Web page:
Clippers To End Lakers' LA Playoff Monopoly in 2010

Roger PAnalyst IJuly 27, 2009

LOS ANGELES, CA - NOVEMBER 05:  Kobe Bryant #24 of the Los Angeles Lakers and Baron Davis #1 of the Los Angeles Clippers fight for position to get a rebound on November 5, 2008 at Staples Center in Los Angeles, California.  NOTE TO USER: User expressly acknowledges and agrees that, by downloading and/or using this Photograph, user is consenting to the terms and conditions of the Getty Images License Agreement.  (Photo by Stephen Dunn/Getty Images)

Nineteen wins in 2008-09. Playoffs in 2009-10.

It's a bold prediction, especially for the Los Angeles Clippers. But if they're ever going to shrug off twenty-five years of Clipperdom and enter the exclusive world of NBA relevance, now is the best chance they've had in a while.


Why They're In

The Clippers had a talented roster last year, yet still nothing came of it. They've got even more talent this year, and there are three reasons they'll make the playoffs: Blake Griffin, Baron Davis will get his act together, and they can't possibly have as bad injury problems as last year.

The first reason is the most obvious: Blake Griffin has the potential to make a huge difference for this team. He replaces offensive machine Zach Randolph in the starting lineup, but Griffin has an arsenal of intangibles that should nicely complement his transcendent physical skills, dedication to crashing the boards, and ability to finish at the rim.

While Randolph had on and off-court issues, Griffin has all the makings of a character player. His presence in the locker room, and the attention that surrounds it, should give his teammates the confidence to defy the Clipper uniforms they wear and play quality basketball.

Last year was a breakout season for Eric Gordon at the 2 spot, and the combination of Griffin and Gordon provides a strong, dynamic core. They played well together in summer league, and could be this team's foundation for years to come.

These changes in the lineup and in the locker room should keep Baron Davis honest. As the quarterback of a struggling team last year, it became clear that by season's end he was licking the envelope on each game and dropping it at the nearest post office. His scoring average last year (14.9 points per game) was his lowest since his sophomore season in Charlotte nine years ago (13.8 PPG).

With Griffin stealing the spotlight, however, Davis again has the motivation to play elite basketball and become the Clippers' rock star again.

Finally, the Clips were ransacked by injuries last year. Chris Kaman only played in 31 games, and Zach Randolph only played in 39. Assuming they can keep their starters on the floor, they should put up some W's.

They have better depth this year, as well, and that should make a big difference. Sebastian Telfair provides a solid backup at the point as well—while he may not have lived up to the hype surrounding him when he was drafted, Telfair should be productive off the bench.

Craig Smith averaged just over ten points per game last year for the Minnesota Timberwolves, and should put some pressure on Griffin to produce. Second-year center DeAndre Jordan is progressing nicely as well.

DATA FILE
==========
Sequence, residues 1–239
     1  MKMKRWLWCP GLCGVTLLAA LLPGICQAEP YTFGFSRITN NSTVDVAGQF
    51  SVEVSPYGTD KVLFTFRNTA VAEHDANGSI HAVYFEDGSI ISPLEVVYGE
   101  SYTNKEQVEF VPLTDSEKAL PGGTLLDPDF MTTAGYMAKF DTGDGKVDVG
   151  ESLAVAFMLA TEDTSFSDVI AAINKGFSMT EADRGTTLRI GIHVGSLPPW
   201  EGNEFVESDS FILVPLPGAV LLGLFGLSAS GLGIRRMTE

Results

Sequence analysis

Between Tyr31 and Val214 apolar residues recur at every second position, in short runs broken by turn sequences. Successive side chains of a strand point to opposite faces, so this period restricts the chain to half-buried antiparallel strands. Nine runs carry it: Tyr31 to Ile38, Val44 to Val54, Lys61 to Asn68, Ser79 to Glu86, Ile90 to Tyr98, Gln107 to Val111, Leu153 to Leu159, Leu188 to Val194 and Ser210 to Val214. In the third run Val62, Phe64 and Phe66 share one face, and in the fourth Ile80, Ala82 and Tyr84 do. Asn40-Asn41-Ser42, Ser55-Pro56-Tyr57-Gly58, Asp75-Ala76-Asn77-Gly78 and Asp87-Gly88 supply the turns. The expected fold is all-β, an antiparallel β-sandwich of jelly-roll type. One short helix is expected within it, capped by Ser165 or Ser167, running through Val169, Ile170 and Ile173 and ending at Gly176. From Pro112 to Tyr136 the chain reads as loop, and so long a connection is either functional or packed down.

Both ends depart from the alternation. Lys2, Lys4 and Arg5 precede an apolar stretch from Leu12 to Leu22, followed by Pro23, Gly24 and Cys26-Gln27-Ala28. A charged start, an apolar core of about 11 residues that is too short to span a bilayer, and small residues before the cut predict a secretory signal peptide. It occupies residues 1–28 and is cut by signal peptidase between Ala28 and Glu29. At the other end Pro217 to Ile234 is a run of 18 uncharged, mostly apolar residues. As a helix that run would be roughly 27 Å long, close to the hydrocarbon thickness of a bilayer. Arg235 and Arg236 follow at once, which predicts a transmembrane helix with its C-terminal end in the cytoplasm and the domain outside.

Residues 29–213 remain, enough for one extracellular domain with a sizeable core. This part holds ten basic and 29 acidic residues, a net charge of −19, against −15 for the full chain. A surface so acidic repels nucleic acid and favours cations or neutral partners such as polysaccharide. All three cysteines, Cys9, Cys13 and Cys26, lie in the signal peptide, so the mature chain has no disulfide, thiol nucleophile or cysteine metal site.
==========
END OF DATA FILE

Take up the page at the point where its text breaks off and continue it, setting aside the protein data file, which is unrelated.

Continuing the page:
So Who's Out?

Obviously if the Clippers make the playoffs, it squeezes out one team that made the postseason last year. If all of last year's playoff teams maintain their level of play, it will be nearly impossible for the Clippers to climb high enough to grab the eight seed.

So who's going to falter? It looks like either Houston, New Orleans, or Utah.

Houston is probably the best bet, being down two stars already by losing Ron Artest to free agency and Yao Ming to foot surgery. While they played well against the Lakers despite Ming and Tracy McGrady being out, we're not talking about winning just a few games—this is a question of having enough firepower to win 45+ games during the regular season.

Can T-Mac make that happen all by himself? Not likely.

New Orleans is a borderline pick, for sure. Despite all the trade talk it looks like they'll be bringing their core back in Chris Paul, Tyson Chandler, David West and Peja Stojakovic.

But the Hornets have been missing an x-factor, some intangible piece that would turn this collection of talent into the top-tier team everyone expects them to be. Their meltdown in the playoffs was perhaps only a symptom, and if the cancer worsens next year they could fall to .500 and out of the postseason.

Utah controls its own destiny right now, with Carlos Boozer on the trade block. Bringing him back isn't crucial to the team's success, as they have the able Paul Millsap to fill his spot, but they must make sure to get good talent in return.

If they succeed, they can be back in the playoffs next year. If they don't, they'll slip a few games—they were the West's eight seed this year, but were only two games ahead of Phoenix for the last spot—and drop off the playoff radar.


And It's Only the Beginning

Led by Blake Griffin and Eric Gordon, this is a team that is built to last. If they can live up to this potential and make the playoffs this year, pencil them in for the next several years.

This for a team that's never been able to do that. They've made the playoffs only four times in their 25-year tenure in Los Angeles, and only made the postseason in consecutive years once.

But never before have they had these tools. Mike Dunleavy has taken the Clippers to the playoffs before, and this may be his big shot to do it again.

And the Lakers won't be the only playoffs show in town anymore.


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